Researcher/Project Manager/Professional Category
Fritzie Celino-Brady, Laboratory of Fish Endocrinology and Environmental Physiology, UH College of Tropical Agriculture and Human Resources (CTAHR)
When tasked with a project or challenge, Fritzie will go to depths at accomplishing it in the best possible way. Her response during the ongoing COVID-19 pandemic has been nothing short of exceptional, as she took the initiative to organize a rotational schedule for laboratory work early-on, working closely with the lab team to ensure all staff were cognizant and compliant with new safety measures and protocols. Her contributions as a research scientist—leading projects, training students, authoring peer-reviewed published manuscripts, grant report and proposal writing—are consistently beyond expectations. In four years, Fritzie has co-authored 16 publications at national and international conferences and published 5 peer-reviewed manuscripts.
Serge Chastel, Pan-STARRS, UH Institute for Astronomy (IFA)
Serge provides outstanding support for IFA, including troubleshooting support outside of normal working hours, but his most important contribution has been the enormous speed up of processing Pan-STARRS data, which has increased the productivity of Pan-STARRS’ search for Near-Earth Objects (NEOs). His software design and hardware changes have reduced observation processing time from 9 hours to just 30 minutes! This improvement permits quick follow-up of NEO candidates by telescopes west of Hawai‘i and has led to enhanced recovery by telescopes in locations as far away as Europe and Africa, as well as contributing to the high discovery rate of Pan-STARRS, which has made 44% of all new NEO discoveries to date in 2020. Serge has also improved the user interface used by astronomers when reviewing NEO candidates, making this more efficient and intuitive.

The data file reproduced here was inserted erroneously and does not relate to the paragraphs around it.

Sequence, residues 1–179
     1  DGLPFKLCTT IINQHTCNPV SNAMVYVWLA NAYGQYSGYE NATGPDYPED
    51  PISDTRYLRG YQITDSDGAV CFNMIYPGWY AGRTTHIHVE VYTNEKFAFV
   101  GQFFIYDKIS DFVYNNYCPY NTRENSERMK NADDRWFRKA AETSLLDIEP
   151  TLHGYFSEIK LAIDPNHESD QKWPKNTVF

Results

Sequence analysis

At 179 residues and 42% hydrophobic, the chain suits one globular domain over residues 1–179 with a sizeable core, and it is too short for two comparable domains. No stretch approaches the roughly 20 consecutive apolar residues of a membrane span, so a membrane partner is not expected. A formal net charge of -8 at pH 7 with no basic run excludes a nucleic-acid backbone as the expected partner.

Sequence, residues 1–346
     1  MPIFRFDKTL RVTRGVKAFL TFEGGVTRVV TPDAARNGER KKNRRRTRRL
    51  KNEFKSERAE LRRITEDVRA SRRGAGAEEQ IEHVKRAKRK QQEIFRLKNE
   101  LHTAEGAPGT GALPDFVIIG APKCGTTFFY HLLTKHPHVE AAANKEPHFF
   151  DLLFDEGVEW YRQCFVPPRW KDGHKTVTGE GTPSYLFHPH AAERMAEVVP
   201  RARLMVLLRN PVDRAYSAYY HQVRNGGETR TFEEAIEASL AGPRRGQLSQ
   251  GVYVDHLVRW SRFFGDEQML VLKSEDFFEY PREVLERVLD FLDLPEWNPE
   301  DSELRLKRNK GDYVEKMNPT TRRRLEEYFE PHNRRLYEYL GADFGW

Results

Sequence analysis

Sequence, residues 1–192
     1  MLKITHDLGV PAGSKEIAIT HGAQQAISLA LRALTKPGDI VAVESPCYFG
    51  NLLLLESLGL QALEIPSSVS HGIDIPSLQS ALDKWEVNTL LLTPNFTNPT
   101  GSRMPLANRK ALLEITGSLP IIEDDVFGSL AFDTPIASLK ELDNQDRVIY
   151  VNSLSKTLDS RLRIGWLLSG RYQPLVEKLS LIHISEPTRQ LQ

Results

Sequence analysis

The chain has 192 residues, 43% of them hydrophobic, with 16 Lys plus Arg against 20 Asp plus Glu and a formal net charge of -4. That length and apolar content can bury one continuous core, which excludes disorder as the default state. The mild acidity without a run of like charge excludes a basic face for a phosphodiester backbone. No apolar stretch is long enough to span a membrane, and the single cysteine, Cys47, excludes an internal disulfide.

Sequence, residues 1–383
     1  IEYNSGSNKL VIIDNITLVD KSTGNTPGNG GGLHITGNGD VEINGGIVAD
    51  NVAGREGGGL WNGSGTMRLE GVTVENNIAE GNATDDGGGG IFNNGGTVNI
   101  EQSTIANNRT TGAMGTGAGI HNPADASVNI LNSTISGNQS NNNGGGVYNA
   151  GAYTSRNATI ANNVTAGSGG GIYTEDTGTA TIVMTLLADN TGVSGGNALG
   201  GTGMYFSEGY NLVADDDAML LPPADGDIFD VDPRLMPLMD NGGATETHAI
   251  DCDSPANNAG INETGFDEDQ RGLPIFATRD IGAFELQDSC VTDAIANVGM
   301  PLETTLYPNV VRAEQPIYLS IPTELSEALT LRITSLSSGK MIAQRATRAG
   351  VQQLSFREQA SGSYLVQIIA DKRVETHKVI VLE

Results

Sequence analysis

David Cohen, Pacific Cooperative Studies Unit (PCSU), UH College of Natural Sciences
Sea urchins have proved to be successful at controlling invasive seaweed, but prior to 2009 no one in Hawai‘i had successfully spawned and reared sea urchins aside from small-scale laboratory experiments, and certainly not at a production-level scale. In order to create this new sea urchin hatchery, David and his team retrofitted an old shrimp aquaculture facility at the Anuenue Fisheries Research Station. Now approaching its 10-year anniversary, this 24/7 operation has released 600,000 sea urchins in Hawaiian waters and recently expanded to the Waikiki Marine Life Conservation District. Their release has controlled invasive seaweed in over 270 acres of reefs, allowing native species of seaweed, fish, and invertebrates to thrive. It is the single-most successful marine invasive species control project implemented in Hawai‘i to date.
Stan Fichtman, Apprenticeship Programs, Kapi‘olani Community College (KCC)